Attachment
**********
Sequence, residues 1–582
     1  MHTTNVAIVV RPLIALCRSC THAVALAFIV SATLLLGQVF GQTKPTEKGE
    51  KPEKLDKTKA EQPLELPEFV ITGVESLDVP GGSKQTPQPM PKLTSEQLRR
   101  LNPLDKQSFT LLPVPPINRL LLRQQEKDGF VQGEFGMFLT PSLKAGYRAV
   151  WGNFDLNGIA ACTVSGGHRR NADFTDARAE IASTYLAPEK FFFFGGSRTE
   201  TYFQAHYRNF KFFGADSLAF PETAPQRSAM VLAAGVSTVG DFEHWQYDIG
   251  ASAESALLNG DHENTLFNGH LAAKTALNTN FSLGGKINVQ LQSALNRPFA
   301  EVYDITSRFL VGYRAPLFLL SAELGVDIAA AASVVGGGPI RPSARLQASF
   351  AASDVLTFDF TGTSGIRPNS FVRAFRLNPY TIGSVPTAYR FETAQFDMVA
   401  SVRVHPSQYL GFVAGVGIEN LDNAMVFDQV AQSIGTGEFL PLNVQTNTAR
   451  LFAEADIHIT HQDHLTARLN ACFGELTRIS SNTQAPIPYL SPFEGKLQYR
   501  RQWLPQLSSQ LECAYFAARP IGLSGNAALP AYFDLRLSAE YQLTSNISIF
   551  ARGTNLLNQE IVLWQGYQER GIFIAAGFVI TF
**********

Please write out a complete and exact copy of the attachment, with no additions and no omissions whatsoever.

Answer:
Sequence, residues 1–582
     1  MHTTNVAIVV RPLIALCRSC THAVALAFIV SATLLLGQVF GQTKPTEKGE
    51  KPEKLDKTKA EQPLELPEFV ITGVESLDVP GGSKQTPQPM PKLTSEQLRR
   101  LNPLDKQSFT LLPVPPINRL LLRQQEKDGF VQGEFGMFLT PSLKAGYRAV
   151  WGNFDLNGIA ACTVSGGHRR NADFTDARAE IASTYLAPEK FFFFGGSRTE
   201  TYFQAHYRNF KFFGADSLAF PETAPQRSAM VLAAGVSTVG DFEHWQYDIG
   251  ASAESALLNG DHENTLFNGH LAAKTALNTN FSLGGKINVQ LQSALNRPFA
   301  EVYDITSRFL VGYRAPLFLL SAELGVDIAA AASVVGGGPI RPSARLQASF
   351  AASDVLTFDF TGTSGIRPNS FVRAFRLNPY TIGSVPTAYR FETAQFDMVA
   401  SVRVHPSQYL GFVAGVGIEN LDNAMVFDQV AQSIGTGEFL PLNVQTNTAR
   451  LFAEADIHIT HQDHLTARLN ACFGELTRIS SNTQAPIPYL SPFEGKLQYR
   501  RQWLPQLSSQ LECAYFAARP IGLSGNAALP AYFDLRLSAE YQLTSNISIF
   551  ARGTNLLNQE IVLWQGYQER GIFIAAGFVI TF